The Court of Appeal has ruled that where an employer suspects an employee of misconduct, they must either take steps to discipline the employee or "reserve their position" in respect of any future disciplinary proceedings being brought against the employee so as to not be taken to have accepted the employee's conduct and to have affirmed the contract following a breach.
A common problem for employers is the employee who, when faced with the prospect of being disciplined, becomes ill with stress and goes on sick leave.
This case confirms that in such situations, the employer must act as soon as they are aware of the alleged misconduct if they do not want to accept the employee's conduct and affirm the contract following a breach. Employers should commence an investigation into the alleged misconduct by the employee and start the disciplinary process without delay. If, however, the employee goes on sick leave either before the employer has had a chance to start the investigation or invite the employee to a disciplinary hearing - the employer should write to the employee to confirm that it "reserves its position" in respect of the alleged misconduct and that they will either continue the investigatory process not withstanding the fact the employee is off sick or continue any investigation or disciplinary process (or begin that process) upon the employee's return to work or them being fit to do so.
Although employers will need to ensure that such a letter is not written in a threatening manner or suggest that the outcome of the investigation or disciplinary hearing is a foregone conclusion.
In Cook v MSHK Limited ("Ministry") and Ministry of Sound Recordings Limited ("Recordings"), Mr Cook worked for Ministry and Recordings in their Artist and Repertoire (A and R) Team. When he tendered his resignation to take up a job with Warner Music UK Limited (Warner) he told Ministry and Recordings that his work would not be in competition with them.
However, during his notice period, Mr Cook's employers found out from Warner that his work for them would be in competition with their work and, accordingly, believed that Mr Cook had deliberately lied to them about his job at Warner. They also discovered that Mr Cook had attempted to secure a £100,000 loan from the company after he had tendered his resignation.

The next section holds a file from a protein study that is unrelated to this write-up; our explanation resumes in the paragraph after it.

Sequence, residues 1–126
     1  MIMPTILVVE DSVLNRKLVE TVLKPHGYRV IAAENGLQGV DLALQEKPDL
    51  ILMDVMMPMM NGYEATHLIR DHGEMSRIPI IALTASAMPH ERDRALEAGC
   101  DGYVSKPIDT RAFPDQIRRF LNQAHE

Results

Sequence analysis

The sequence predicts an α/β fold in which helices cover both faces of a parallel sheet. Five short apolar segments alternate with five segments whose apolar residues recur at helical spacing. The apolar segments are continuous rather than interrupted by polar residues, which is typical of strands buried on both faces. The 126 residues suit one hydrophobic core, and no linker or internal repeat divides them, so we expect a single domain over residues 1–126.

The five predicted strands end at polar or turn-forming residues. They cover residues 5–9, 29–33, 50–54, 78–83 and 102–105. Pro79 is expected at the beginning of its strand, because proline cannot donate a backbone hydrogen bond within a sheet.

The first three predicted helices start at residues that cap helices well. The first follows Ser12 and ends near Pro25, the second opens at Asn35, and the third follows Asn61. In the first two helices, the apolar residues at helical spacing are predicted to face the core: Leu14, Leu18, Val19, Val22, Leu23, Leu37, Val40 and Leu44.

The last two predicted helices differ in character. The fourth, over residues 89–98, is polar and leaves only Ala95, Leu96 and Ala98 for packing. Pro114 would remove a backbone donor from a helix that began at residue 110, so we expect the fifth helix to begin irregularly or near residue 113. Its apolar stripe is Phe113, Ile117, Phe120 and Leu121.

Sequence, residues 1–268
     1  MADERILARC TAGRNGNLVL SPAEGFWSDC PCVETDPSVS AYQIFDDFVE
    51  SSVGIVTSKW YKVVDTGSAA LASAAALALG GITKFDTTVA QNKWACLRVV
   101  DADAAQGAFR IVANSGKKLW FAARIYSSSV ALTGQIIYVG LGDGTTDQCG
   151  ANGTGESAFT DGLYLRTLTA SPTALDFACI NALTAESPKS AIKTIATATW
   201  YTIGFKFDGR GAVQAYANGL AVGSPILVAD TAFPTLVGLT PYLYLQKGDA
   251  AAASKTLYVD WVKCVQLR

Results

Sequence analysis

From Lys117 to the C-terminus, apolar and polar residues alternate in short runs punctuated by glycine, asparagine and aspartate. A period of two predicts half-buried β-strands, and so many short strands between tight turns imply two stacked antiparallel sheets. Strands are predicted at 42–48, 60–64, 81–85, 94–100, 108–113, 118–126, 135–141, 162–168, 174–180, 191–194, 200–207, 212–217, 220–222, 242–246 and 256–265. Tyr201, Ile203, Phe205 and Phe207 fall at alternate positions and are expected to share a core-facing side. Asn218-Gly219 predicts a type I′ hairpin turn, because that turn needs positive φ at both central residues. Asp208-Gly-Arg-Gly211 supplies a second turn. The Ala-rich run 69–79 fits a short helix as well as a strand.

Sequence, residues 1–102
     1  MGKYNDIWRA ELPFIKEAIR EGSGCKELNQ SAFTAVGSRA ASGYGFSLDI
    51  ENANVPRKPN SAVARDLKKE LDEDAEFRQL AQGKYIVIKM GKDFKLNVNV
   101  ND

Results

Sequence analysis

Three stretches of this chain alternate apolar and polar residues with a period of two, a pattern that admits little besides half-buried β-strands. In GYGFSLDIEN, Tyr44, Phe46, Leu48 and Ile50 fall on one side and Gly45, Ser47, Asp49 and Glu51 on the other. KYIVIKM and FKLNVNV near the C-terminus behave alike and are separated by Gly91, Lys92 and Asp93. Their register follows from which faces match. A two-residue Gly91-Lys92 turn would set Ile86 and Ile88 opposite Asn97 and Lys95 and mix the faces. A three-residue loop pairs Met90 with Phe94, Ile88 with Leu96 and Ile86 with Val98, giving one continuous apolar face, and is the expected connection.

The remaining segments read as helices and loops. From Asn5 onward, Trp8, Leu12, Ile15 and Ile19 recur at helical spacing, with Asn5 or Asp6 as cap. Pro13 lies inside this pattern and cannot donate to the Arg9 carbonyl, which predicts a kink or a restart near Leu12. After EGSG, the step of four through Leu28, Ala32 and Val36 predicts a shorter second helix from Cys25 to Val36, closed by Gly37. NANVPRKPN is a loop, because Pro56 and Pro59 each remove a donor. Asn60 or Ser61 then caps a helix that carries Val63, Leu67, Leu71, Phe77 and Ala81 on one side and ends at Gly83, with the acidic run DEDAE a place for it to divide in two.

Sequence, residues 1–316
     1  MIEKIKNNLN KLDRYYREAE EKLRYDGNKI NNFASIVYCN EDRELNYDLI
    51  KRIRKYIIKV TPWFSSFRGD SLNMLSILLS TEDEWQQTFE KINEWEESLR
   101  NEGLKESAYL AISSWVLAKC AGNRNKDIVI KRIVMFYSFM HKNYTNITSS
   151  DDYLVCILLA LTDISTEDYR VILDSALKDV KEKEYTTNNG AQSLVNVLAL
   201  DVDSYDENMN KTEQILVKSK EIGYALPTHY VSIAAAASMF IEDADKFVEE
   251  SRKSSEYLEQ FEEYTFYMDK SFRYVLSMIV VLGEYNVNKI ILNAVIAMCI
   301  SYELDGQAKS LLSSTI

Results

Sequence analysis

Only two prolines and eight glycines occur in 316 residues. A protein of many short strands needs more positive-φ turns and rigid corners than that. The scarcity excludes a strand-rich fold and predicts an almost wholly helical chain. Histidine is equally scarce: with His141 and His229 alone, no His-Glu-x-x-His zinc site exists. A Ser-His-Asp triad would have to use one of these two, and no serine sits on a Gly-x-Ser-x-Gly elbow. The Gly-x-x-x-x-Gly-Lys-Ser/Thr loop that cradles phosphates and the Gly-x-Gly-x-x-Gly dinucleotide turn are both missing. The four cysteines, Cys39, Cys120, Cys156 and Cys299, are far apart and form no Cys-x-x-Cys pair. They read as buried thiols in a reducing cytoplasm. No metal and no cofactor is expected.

After a meeting at which Mr Cook was shouted at by Ministry's Managing Director, he went off sick with stress. During Mr Cook's sickness absence, Ministry wrote to him several times. On each occasion, Ministry stressed that they wanted Mr Cook to return to work and that any restriction on his duties upon his return were to protect their business interests given his impending move to Warner. Ministry did not warn Mr Cook that they intended to take any disciplinary action against him in respect of his alleged "lies" over his position at Warner, nor did they reserve their position in respect of this allegation. In contrast, they did refer to his application for a company loan as a "cause for concern" and expressly reserved its position regarding that.
When Mr Cook returned to work, he was disciplined and eventually dismissed for the alleged "lies" over his role at Warner and his application for a company loan. Unusually for an employment case, Ministry and Recordings then brought proceedings against Mr Cook in the High Court seeking a declaration of the lawfulness of his dismissal and damages from Mr Cook which resulted from the loss of his services following his dismissal. In order for Ministry and Recordings to recover damages from Mr Cook, his dismissal would have to be declared by the Courts as lawful.
The Court of Appeal held that Ministry and Recordings could not rely on their allegation that Mr Cook had lied about his new job at Warner as a reason for justifying his dismissal because they had not taken any action against Mr Cook when they found out about his alleged misconduct and had not reserved their position in respect of it either.
The allegation in respect of Mr Cook's loan application was allowed to proceed to a full trial to determine whether or not it could be relied upon as a reason justifying his dismissal because Ministry and Recordings had expressly reserved its position in that regard.
Although a High Court case, the Court of Appeal's ruling sheds light on how employers ought to conduct themselves whenever they suspect misconduct by an employee.